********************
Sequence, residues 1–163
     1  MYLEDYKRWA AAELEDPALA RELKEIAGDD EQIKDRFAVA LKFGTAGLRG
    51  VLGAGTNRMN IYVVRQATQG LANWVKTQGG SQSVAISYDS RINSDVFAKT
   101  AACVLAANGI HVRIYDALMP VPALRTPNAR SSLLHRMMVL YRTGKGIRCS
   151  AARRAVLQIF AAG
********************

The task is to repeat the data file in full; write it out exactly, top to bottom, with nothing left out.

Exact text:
Sequence, residues 1–163
     1  MYLEDYKRWA AAELEDPALA RELKEIAGDD EQIKDRFAVA LKFGTAGLRG
    51  VLGAGTNRMN IYVVRQATQG LANWVKTQGG SQSVAISYDS RINSDVFAKT
   101  AACVLAANGI HVRIYDALMP VPALRTPNAR SSLLHRMMVL YRTGKGIRCS
   151  AARRAVLQIF AAG